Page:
Minimalism meets Memoir
The idea of minimalism is not new to this blog, having made multiple posts previously about minimalism as a parent, small living, and just how much stuff you don’t need to raise happy and healthy kids, I am constantly trying to learn more about the topic. When I had the chance to read Cait Flanders The Year of Less it seemed like something I could dive headfirst into, and I was absolutely correct. The premise of the book is a simple one, having paid off $30,000 of consumer debt due to aggressive savings, Cait learned to live with less which led her to embark on her next adventure, which was a yearlong shopping ban. The shopping ban was not entirely cold turkey, she allowed herself a small list of things she could purchase that included toiletries, replacing things that were broken, or gifts for other. Throughout her book she touches on the how and why that list came to be, as well as how it changed throughout her journey. The book took me on a journey that uncovered not only the mindful consumerism that I have learned to vibe with, but also added an interesting emotional layer as she went through many personal ups and downs. Cait’s book took a deep dive into the mindset of addiction, as well as how societal and environmental stressors lead to the bigger, better, faster mindset that led her to embark on this challenging journey.
The flow of Cait’s book was airy and logical, she was able to tie in a handful of topics back to the main idea of her year long shopping ban without making it seem clunky, or that she was trying to do too much with the topic. I really adored how she broke down exactly how and why she did the things she did, as well as the helpful stats at the beginning of every chapter that allowed the reader to see quantitative data that backed up her methods to a minimalistic life of less. Cait was forthcoming and honest in every aspect of her journey, she admitted when she wasn’t doing so hot, and was always willing to tell you why. The thing I really liked about this was that she didn’t try to hide from her readers that she was in fact human during this experiment, which made it relatable as hell. A lot of times when reading books in this genre it’s hard to not feel lesser than the authors as they seemingly appear to have their life together even when they say they don’t, but luckily the honesty and transparency that Cait shared made her story seem relatable. She created her narrative with the idea that anyone could potentially get similar results using her strategies.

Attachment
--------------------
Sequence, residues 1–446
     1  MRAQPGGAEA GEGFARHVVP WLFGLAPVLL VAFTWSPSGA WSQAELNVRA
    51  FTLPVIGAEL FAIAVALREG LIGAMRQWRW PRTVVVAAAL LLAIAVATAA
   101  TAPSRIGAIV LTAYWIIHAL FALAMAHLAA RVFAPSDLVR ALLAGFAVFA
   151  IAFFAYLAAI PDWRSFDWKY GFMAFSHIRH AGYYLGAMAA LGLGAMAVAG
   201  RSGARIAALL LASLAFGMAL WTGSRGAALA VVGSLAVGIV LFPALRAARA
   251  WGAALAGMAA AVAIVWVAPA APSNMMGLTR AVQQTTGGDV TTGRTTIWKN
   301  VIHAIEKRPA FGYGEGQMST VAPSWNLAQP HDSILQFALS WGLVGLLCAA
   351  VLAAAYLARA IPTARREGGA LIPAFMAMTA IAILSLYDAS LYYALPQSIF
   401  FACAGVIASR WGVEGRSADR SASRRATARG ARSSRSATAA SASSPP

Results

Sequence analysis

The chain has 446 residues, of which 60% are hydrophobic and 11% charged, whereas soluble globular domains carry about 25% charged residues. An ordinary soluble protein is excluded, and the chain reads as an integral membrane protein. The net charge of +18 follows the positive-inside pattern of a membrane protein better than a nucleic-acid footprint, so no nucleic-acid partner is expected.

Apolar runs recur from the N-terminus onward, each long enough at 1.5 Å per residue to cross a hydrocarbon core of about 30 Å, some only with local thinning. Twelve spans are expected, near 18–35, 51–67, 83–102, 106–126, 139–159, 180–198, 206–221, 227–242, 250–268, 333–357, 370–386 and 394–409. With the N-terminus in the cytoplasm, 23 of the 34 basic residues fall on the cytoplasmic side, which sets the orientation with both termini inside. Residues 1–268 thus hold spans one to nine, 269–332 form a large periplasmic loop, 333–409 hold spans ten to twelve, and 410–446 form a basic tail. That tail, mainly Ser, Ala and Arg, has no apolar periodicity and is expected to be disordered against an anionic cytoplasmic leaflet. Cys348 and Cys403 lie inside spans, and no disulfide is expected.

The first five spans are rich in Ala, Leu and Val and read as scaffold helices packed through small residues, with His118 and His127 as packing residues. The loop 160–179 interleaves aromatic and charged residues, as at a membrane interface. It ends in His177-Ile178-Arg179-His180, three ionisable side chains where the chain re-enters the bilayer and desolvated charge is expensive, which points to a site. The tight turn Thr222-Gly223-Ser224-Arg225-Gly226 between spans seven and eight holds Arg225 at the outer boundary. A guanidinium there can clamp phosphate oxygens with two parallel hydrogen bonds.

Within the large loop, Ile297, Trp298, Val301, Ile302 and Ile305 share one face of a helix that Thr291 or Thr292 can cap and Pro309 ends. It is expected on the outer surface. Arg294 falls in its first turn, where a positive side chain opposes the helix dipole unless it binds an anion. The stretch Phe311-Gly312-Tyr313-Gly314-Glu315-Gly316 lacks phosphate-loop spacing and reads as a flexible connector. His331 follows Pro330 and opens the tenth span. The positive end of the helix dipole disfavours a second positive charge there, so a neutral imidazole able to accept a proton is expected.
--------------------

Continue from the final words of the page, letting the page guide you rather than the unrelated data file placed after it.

As much as I loved her emotional honesty, at times it felt slightly exhausting. There were points where it seemed that she dragged out her emotional suffering to fill pages. That sounds extremely harsh so let me explain, I enjoyed that she let herself be honest and open with her struggles, but at times it seemed to detract from the true subject matter of the book which was to live with less. Emotional state can lead to clutter and falling off the wagon and her honesty was very brave to bare her soul to the world. With that being said, I found it difficult to read as it felt like it didn’t fit into the flow of the book. As life throughs unexpected curveballs, obviously her emotional journey took up more time in chapters that it would have in real time during her journey, however it sometimes over shadowed the true meaning of her work and left the reader a little confused. I had thought the book would have been a more practical guide, but it read more as a memoir, and even though it was great, she was able to sum up the extent of her project in the afterwards to let other readers give it a try.
The Wrap Up:
If you’re looking for a read that’s able to be tackled in a weekend and will bring some solid insight into how to live with less and how to handle the emotional baggage that comes with it, Cait Flanders The Year of Less is worth picking up. If you’re interested in participating in a shopping ban of your own, Cait also ran a personal blog at the time of her journey, which can be found here.